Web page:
Teachers unions such as Education Minnesota consistently promote practices that undermine excellence in the classroom. Education Minnesota is the second best funded lobbying force in the state, eclipsed only by the National Rifle Association. Having aided the election of Gov. Mark Dayton and a DFL-controlled Legislature, Education Minnesota is vigorously calling in its chips.
With Dayton and Education Commissioner Brenda Cassellius as its agents, Education Minnesota has been hugely successful in disassembling the previous system of school accountability. Cassellius sought waivers from requirements that were effectively identifying failing schools, oversaw the establishment of a murky new system to measure school performance, and prevailed upon the 2013 Legislature to eliminate the grade 9 writing and grade 10 reading tests as graduation requirements.
Thus we enter a fantasy world constructed for us by Education Minnesota. We are asked to trust that teachers who so far have been unable to prepare properly children of color and children of poverty for simple grade level performance will now — functioning under a hazier accountability system — be more successful in preparing students for the much more difficult ACT test measuring readiness for college.
The reality is that we do not have enough teachers who can produce the level of achievement we need. Various stances of Education Minnesota ensure mediocrity. Leaders and members of that union maintain that professional teachers should train in conventional preparation programs. But university-based teacher certification programs are wretched.
Prospective K-5 teachers graduate from university teacher training programs with little content area knowledge, with insufficient pedagogical skill, and with ignorance of approaches most likely to be effective for children of color and young people from families burdened by poverty and dysfunction. Secondary teachers are also inadequately trained. Very rarely does a secondary teacher in today’s public schools have a master’s degree in a legitimate discipline such as physics, mathematics, literature, history, political science, economics, or the fine arts. Instead, graduate programs for teachers are degree mills that result in flimsy master of education degrees.
Alternative paths to teacher certification that could provide instruction by real mathematicians, real economists, and published novelists are opposed by Education Minnesota. The union acted to block funding of Teach for America (“The union case against Teach for America,” June 5), which has filled classrooms in outposts across the country with brilliant graduates from the finest colleges and universities. The union endeavors to protect teachers remunerated not on the basis of performance but on years spent in the classroom and on attainment of low-quality master’s degrees undeserving of the appellation.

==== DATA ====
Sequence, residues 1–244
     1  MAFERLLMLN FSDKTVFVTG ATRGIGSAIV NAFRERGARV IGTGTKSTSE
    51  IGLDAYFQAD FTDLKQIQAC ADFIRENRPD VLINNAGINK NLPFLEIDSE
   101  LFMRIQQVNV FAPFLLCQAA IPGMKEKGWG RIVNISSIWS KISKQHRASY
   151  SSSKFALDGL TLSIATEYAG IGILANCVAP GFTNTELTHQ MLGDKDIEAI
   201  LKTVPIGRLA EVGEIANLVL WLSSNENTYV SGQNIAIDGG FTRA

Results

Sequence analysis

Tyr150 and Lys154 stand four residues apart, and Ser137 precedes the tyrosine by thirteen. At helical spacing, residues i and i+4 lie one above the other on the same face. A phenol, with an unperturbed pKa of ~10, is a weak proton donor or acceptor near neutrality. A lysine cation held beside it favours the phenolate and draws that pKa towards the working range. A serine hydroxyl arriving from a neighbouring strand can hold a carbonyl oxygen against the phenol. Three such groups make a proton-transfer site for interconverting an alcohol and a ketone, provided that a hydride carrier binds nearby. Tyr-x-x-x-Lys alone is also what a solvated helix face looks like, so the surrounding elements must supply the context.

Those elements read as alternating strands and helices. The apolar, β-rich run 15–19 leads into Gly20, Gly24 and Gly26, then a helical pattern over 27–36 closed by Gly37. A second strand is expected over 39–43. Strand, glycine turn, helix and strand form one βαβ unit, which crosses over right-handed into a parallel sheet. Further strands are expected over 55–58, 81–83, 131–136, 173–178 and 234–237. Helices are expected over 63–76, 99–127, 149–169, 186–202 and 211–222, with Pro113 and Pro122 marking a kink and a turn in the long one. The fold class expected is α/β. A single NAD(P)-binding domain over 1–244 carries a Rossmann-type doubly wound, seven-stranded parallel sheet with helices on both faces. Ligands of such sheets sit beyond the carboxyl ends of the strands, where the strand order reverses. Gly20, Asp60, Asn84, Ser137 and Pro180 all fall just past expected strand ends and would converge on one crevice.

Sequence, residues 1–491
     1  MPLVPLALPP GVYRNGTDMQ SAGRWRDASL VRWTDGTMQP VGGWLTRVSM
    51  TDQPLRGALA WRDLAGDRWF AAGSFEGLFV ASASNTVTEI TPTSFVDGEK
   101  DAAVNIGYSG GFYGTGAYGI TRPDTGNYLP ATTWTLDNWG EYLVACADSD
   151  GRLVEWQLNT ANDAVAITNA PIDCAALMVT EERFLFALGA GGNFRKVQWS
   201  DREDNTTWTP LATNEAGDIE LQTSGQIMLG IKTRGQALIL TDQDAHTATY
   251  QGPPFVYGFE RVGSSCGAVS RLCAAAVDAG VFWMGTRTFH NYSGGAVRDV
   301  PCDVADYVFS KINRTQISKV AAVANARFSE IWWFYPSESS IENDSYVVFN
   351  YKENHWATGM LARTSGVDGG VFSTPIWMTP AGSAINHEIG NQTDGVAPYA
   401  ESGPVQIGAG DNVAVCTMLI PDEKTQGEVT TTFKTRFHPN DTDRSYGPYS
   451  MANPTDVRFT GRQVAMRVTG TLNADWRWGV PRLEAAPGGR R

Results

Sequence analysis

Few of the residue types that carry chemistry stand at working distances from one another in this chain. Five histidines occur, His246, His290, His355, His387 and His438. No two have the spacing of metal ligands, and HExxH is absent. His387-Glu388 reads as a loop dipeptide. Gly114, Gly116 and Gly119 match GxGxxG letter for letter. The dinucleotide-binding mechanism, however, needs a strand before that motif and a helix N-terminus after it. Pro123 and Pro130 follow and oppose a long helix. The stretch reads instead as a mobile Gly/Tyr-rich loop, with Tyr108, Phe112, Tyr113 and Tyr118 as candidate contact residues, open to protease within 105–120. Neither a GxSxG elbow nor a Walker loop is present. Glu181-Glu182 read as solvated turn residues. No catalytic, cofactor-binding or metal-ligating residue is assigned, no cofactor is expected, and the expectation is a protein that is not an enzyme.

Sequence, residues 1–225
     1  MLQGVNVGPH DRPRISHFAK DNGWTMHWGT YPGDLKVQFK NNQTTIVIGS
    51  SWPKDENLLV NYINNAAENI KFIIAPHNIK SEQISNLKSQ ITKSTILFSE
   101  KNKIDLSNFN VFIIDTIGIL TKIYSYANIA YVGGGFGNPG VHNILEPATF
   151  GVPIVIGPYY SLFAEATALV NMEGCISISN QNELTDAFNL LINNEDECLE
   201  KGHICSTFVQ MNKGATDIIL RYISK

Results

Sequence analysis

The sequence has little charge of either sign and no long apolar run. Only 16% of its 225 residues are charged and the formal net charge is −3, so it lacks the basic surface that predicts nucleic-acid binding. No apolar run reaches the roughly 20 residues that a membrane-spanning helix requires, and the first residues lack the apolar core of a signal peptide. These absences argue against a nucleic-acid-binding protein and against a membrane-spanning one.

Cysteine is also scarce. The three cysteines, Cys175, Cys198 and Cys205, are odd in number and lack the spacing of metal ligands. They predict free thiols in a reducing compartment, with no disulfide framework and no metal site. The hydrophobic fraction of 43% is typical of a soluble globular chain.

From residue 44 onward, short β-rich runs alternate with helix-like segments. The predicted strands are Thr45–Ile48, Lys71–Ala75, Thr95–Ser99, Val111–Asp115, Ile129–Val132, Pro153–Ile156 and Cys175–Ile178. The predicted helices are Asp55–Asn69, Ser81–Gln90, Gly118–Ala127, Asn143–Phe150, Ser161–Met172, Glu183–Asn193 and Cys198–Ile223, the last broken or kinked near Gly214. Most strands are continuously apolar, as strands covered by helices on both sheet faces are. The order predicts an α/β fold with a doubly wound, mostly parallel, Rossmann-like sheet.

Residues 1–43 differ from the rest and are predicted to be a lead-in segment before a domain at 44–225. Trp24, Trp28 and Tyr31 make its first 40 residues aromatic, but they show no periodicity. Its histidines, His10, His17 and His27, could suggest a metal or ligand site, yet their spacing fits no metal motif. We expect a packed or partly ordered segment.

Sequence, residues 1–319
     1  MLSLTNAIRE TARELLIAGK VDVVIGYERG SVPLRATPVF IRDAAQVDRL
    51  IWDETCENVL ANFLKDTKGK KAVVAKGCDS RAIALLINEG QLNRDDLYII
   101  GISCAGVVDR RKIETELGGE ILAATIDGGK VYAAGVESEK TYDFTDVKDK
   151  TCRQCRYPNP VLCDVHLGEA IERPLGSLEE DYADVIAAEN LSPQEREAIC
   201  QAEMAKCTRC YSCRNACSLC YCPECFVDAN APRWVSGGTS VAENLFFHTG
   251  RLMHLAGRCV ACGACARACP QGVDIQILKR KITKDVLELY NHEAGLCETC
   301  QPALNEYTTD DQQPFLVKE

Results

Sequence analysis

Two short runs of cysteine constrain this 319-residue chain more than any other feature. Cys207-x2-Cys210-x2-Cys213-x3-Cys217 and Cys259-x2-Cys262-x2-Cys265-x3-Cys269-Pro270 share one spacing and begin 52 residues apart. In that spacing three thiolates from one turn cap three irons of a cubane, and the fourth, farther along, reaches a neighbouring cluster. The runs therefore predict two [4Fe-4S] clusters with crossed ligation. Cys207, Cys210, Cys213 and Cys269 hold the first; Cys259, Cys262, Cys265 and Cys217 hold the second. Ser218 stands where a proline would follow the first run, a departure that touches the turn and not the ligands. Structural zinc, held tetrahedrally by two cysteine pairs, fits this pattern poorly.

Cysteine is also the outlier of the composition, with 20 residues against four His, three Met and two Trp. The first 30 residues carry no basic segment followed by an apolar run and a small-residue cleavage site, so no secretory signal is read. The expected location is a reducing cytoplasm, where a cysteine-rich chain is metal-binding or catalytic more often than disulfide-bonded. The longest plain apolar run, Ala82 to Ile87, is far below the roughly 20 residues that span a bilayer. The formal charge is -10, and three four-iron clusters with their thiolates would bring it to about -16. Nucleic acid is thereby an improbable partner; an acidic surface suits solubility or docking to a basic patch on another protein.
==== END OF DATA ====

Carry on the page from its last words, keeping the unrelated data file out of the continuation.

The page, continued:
So do not believe the rhetoric about the recent legislative session, dominated by Education Minnesota-backed politicians, having been an “education session” that will produce the best workforce in the nation by 2027. We have little guarantee that newly funded preschool experiences, succeeded by all-day kindergarten, will have a sufficiently beneficial effect. Any positive gains made in early childhood programs that are in fact academically substantive do not typically last beyond third grade unless education from that time forward is of high quality.
More money for general classroom education may save or support existing programs, but when funds are dispensed to maintain the status quo, we can hardly expect improved results.
Leading education reformers such as Michelle Rhee and Steve Perry (the latter gave a talk in March for the RESET education reform initiative of the Minneapolis Foundation) have confronted teachers unions in their efforts to hire and retain teachers of excellence. Perry goes so far as to entitle a chapter of his most recent book, “Teachers’ Unions: The Worst Thing Ever to Happen to Education.”
In Minnesota, Education Minnesota inevitably maneuvers to protect the jobs of union members rather than to promote educational excellence. Early childhood experiences and lots of money thrown on the existing system will do nothing to give us high quality public education until the K-12 system is overhauled.
But waiting until 2027 certainly gives the leadership and rank and file of Education Minnesota a lot of time to create diversionary tactics that create illusions of progress while protecting a status quo that cheats our students every day when they step into the classrooms of our public schools.
Gary Marvin Davison is the author of eight books; he was writer and researcher for “The State of African Americans in Minnesota” (Minneapolis Urban League, 2004 and 2008 editions). For eight years he has served as teacher and administrator for the New Salem Educational Initiative.